Juicy thighs with crushed Italian tomatoes.

photothighs and toms

The time has arrived to once again take to food writing. It was yesterday when we combined a visit to the Campbeltown quack on the way to grandsonal watching duties in Sydney. Grandson watching used to be combined with cooking a meal at home and taking it in an esky to Sydney and re-heating the lot for the starving grandsons.

Both grandsons now go to high school. The youngest for the first time. Again, memories came flooding back that I thought had gone and deeply buried or al least permanently dormant. It seems, no matter how deep things get buried sooner or later someone will dig it out. Those Dutchmen long gone on those forlorn West Australian Islands murdered and buried hundreds of years ago are being exposed now and will be remembered forever by those that write history.
Can you imagine the horrors of those years?

But a more relevant memory, at least more relevant to this piece is the issue of ‘school uniforms’. How my mother rallied against them. I can still see her in full flight off to school defending her stance on education = allowing, nay encouraging individuality, which was the crux of her argument. All to no avail. She finally had to cave in. The subject was not open for reason or logic. She so gutturally pleaded as a last line of defence, ‘why not have at least all uniforms the same, no matter what school students go to?’ Her Dutch practical mind did not easily give up? She badly underestimated the might of Anglo-Saxon traditions and their much beloved credo; ‘if it isn’t broke don’t change’.

And now, go forward sixty years, I am off to school with grandson Max in tow hoping to at least get a couple of bargains from the second hand uniform shop at school’s office. He needed long pants, grey of course. Shoes,black of course. Blazer ($350.- new) with school motto (of course). This old man has mellowed and I did not argue at all, just smiled but remembered. Forgive me mum, it is all so much water under the bridge now. Some things never change, least of all school uniforms.

Max with school uniform apparel in a black plastic back and I drove home in the Peugeot with foot rest (of course). I then started on a lovely meal of chicken thighs and pan fried potatoes all drizzled with fine olive oil and a can of Italian crushed tomatoes with lots of sage and thyme.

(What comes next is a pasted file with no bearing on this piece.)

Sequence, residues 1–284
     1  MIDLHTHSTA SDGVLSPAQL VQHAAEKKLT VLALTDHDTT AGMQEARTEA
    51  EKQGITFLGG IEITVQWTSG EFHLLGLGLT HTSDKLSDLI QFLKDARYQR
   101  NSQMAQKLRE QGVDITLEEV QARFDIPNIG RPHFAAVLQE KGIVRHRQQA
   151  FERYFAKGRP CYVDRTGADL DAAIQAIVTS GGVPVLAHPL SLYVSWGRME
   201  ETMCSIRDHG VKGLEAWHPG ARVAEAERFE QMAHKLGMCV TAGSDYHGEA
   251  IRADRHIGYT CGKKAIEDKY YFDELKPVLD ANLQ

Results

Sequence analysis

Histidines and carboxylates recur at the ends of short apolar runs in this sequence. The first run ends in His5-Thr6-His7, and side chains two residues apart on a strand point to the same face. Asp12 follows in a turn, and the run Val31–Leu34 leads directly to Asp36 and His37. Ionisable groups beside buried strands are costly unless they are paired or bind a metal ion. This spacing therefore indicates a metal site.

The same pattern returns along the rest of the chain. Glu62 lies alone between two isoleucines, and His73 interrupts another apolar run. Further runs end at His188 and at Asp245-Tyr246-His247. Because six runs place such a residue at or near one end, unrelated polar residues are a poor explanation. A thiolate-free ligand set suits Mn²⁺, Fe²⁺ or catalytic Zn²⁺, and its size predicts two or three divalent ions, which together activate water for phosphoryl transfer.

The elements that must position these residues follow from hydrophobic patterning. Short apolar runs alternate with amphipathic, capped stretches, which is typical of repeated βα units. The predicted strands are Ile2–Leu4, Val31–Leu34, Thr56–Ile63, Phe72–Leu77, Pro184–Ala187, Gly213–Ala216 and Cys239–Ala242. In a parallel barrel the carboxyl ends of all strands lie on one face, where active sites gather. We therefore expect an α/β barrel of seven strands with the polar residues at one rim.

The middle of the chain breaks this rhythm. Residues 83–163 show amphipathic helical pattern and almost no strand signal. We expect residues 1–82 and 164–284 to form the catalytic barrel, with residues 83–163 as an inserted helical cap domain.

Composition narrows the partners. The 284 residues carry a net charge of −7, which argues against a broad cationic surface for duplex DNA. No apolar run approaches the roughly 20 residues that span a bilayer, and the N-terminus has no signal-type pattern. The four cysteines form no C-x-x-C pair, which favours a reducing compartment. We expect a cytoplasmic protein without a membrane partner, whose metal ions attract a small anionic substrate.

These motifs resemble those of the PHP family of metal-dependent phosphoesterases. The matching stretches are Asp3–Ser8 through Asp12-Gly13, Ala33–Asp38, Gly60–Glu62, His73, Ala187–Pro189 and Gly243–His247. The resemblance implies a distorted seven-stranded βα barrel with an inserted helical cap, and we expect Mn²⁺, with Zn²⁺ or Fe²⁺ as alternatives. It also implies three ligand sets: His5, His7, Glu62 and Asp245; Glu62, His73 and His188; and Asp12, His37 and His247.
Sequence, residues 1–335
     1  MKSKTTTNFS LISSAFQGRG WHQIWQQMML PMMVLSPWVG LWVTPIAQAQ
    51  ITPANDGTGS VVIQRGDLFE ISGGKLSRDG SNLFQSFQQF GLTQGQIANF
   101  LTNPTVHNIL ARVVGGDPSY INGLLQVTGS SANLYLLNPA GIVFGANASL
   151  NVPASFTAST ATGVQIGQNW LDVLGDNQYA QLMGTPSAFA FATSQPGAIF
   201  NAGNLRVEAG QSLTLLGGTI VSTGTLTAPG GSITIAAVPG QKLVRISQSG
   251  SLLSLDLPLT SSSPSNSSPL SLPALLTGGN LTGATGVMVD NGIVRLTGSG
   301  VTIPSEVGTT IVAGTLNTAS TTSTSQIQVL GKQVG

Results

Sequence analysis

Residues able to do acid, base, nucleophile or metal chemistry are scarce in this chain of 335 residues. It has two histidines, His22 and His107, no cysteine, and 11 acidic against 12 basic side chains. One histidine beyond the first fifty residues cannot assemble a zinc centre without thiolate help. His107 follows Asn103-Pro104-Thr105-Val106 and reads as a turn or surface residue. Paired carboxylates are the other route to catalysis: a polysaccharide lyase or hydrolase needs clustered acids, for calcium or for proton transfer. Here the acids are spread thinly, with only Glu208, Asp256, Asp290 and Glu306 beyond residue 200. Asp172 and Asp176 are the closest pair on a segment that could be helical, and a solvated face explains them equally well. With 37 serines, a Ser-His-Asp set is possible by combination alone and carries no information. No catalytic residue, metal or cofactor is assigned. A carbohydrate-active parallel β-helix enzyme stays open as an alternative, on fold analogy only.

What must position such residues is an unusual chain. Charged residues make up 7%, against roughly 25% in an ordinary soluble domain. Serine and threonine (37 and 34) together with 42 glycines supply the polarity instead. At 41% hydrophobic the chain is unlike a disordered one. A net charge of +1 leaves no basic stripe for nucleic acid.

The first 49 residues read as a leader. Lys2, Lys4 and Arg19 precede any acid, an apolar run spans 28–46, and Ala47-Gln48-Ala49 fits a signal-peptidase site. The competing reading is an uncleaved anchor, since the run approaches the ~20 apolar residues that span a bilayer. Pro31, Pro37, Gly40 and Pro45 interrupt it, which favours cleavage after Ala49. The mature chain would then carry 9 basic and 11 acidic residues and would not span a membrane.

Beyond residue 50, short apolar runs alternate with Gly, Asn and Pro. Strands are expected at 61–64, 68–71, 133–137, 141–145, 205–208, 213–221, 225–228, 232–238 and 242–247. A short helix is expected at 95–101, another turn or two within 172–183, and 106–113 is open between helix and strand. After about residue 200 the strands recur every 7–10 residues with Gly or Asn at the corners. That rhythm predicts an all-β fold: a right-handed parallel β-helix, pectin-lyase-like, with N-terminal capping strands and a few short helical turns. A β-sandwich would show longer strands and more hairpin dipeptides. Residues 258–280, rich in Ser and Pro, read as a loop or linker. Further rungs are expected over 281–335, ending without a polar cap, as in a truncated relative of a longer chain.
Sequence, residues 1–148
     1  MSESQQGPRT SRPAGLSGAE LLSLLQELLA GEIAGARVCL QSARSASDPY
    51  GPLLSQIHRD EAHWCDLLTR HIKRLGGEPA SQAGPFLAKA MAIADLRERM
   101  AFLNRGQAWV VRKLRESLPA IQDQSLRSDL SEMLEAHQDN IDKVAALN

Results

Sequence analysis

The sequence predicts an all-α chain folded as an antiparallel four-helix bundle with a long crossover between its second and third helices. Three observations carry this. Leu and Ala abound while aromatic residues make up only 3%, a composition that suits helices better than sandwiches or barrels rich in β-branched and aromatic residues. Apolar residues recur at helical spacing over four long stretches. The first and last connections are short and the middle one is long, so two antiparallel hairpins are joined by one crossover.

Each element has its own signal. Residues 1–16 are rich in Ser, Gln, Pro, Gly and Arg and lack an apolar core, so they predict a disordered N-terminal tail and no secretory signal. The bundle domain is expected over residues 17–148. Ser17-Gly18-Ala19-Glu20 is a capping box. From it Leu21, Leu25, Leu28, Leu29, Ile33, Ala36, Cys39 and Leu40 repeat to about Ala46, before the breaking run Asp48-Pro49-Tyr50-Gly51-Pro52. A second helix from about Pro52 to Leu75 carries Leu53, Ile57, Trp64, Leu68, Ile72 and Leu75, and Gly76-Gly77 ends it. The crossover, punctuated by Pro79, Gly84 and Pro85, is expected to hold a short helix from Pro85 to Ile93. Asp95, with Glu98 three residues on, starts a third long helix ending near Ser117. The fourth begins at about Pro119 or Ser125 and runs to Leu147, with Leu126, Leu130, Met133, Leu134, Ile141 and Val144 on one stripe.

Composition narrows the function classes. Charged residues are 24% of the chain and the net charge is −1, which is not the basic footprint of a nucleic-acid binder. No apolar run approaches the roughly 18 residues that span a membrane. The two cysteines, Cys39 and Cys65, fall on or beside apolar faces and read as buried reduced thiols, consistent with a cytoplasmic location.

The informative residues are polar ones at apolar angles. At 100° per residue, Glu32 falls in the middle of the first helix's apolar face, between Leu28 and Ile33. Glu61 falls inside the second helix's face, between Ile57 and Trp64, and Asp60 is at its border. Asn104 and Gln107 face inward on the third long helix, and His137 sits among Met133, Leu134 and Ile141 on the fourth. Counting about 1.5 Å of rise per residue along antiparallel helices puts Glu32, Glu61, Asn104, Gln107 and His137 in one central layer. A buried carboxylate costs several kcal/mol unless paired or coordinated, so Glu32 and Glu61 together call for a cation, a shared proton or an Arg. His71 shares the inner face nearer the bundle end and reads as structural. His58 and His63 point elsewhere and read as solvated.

Lovely it was and the boys loved it.

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19 Responses to “Juicy thighs with crushed Italian tomatoes.”

  1. Curt Mekemson Says:

    Mmmm, makes me hungry. And I am with your mother on the uniform bit, Gerard, even though my wife, the retired elementary school principal, assures me they are a good thing. $350 is a little steep however. I’d put it up there in the clouds with ripoff. 🙂 –Curt


  2. bkpyett Says:

    Lucky grandsons to have such a devoted grandfather!


  3. Yvonne Says:

    You’re a good grandfather!

    We came from Canada, and I was like your mother, thought the uniforms were an affront. The headmaster at the high school threatened to suspend my son (he was a very good scholar, President of the Student Council, etc.) if we didn’t comply with the uniform edict. We stuck to our guns anyhow! I’m not so brave nowadays.

    I’m happy not to have been on the Batavia.


  4. kaytisweetlandrasmussen83 Says:

    Back in the day, the idea of uniforms was OK, but for kids who couldn’t even afford them, knock-off look alikes didn’t cut the mustard either. $350 is outrageous.


    • gerard oosterman Says:

      The $350.- comes from my grandson. Looking at the list it is actually $225.- which is still a large amount. They also have music uniform, cricket, soccer, summer, winter. It all adds up and at times I think the uniforms fixation is extreme.


  5. Silver in the Barn Says:

    $350 is outrageous, indeed. I agree with Kayti. But the meal sounds priceless, Gerard.


  6. petspeopleandlife Says:

    Memories never die and these seem to be good ones. My children went to public schools and there was no uniform code.

    Your cooking looks delicious. Chicken and tomatoes. Simple yet very tasty.


  7. M-R Says:

    Hope that bloke wasn’t one of your ancestors, Gerard … [grin]


  8. greenwritingroom.com Says:

    Wow, that’s a grim story. Though supper looks very yummy.


    • gerard oosterman Says:

      It is grim. But how amazing that some then rowed from those West Australian islands to Java and came back with help. However, hacking off hands before hanging wasn’t very nice. A very good book has been written about that event.


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